A look at the culture of gay bars and LGBTQ nightlife in CT

As LGBTQ culture becomes more integrated in mainstream society, gay bars still have an important role, but not like they used to.

If you start at Enigma, just off the corner of Central Avenue and 11th Street in Florida’s St. Petersburg — with its spotlights casting a two-story rainbow on a Spanish-style stucco façade — and head west about a half-a-mile, you’ll hit Cocktail. Then it’s Mixer’s at Old Key West a block further. The Garage, Punky’s and Lucky Star Lounge follow in near rapid succession. Head a few Blocks up and there’s Our Bar.

With legislation like the “Don’t Say Gay” bill and last year’s transgender girls sports ban, the Sunshine State has a shadowy reputation for how it treats the LGBTQ community. Yet in a one square-mile radius of one city in Florida, you’ll find about just as many gay bars as you will in the entire state of Connecticut.

Turns out, that might be a good thing.

David Kleman has owned Partners, a gay bar in New Haven, for about 25 years. It’s been around for almost 50.

But back in the '80s, Kleman worked the bar and has, for more than 40 years, watched how the nightlife culture for the LGBTQ community has shifted in Connecticut and around the country. Kleman said he remembers a time when gay bars were a refuge for a marginalized community that was often physically and verbally assaulted.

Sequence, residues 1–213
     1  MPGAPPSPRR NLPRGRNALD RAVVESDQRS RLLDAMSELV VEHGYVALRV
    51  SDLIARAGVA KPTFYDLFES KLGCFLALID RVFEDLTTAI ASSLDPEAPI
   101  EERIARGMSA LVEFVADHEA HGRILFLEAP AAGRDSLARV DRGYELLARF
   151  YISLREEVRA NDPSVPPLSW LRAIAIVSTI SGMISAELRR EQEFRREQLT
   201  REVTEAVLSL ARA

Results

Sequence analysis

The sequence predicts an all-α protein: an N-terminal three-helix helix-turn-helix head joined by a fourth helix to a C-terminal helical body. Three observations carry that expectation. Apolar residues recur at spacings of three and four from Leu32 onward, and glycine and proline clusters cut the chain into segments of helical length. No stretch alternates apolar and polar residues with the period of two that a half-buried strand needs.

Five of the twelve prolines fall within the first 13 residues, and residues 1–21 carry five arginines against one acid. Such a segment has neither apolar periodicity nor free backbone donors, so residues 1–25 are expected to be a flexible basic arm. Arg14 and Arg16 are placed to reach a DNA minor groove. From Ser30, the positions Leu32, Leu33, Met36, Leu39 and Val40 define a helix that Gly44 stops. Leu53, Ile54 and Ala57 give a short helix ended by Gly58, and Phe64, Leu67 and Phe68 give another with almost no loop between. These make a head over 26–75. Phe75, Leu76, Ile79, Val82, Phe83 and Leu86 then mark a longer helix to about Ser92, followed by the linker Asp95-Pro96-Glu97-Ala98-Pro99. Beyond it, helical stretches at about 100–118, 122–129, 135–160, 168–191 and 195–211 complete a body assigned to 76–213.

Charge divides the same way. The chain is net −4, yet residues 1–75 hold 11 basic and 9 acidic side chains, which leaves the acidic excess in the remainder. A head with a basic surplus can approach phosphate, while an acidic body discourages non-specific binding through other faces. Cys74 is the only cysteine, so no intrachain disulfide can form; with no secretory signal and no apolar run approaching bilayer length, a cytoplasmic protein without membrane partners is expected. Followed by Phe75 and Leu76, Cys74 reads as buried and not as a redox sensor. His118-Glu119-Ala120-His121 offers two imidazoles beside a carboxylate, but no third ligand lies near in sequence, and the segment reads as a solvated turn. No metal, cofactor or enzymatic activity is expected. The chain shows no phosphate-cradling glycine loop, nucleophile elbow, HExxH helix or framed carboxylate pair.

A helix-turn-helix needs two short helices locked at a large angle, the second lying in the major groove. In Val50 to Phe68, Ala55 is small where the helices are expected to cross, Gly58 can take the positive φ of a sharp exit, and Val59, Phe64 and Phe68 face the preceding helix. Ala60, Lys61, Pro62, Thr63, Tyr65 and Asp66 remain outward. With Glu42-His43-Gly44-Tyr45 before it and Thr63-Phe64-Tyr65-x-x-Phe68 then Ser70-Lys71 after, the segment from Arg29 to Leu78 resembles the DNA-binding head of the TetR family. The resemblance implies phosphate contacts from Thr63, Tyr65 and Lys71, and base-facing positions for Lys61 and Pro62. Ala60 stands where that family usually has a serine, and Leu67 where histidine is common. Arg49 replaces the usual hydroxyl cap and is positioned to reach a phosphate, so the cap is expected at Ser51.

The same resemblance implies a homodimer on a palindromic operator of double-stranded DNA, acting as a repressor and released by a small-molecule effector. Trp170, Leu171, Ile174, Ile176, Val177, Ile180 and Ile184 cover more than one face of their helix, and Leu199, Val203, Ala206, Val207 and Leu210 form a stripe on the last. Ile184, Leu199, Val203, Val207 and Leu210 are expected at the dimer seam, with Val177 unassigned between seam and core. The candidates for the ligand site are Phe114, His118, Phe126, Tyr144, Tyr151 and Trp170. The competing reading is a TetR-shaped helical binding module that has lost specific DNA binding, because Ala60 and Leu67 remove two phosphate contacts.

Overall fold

“Years ago, if you were gay you just wouldn’t walk into some place, so you would go to a gay bar or a leather party or a drag show,” Kleman said. “We get married now and have kids. We’ve been integrated in society very well.”

Troupe 429 bar Friday, July 30, 2021, in Norwalk displayed a “#FreeBritney” banner.

Troupe 429 bar Friday, July 30, 2021, in Norwalk displayed a “#FreeBritney” banner.

Erik Trautmann / Hearst Connecticut Media

According to Out Leadership, an LBGTQ business network, Connecticut ranks second in its LGBTQ+ Business Climate Index of LGBTQ friendly states.

In the '80s, Kleman said, Partners clientele was almost entirely gay. Now he said there’s a near-even split. He said that’s because the LGBTQ community isn’t as marginalized in Connecticut as it is in other parts of the country.

“Be careful what you wish for,” Kleman said with a laugh. “In Connecticut gay people are comfortable going everywhere. Gay people are more comfortable walking into any club or any bar.”

And he’s not alone. Titus Abad, a 29-year-old gay man from New London County, said gay bars in Connecticut are somewhat of a dying breed because mainstream culture has become more accepting of the community. Which, he said, was always the goal.

“There’s a question of do we really need the ‘gay bars’ anymore,” Abad said. “We have more rights than we used to. And we had to fight for them. The generations before us paved the way. We don’t need the gay bars as much because we’re not physically threatened the way we used to be — though it still happens. We are equal and that’s what gay bars have always been about. But now other bars are doing that as well.”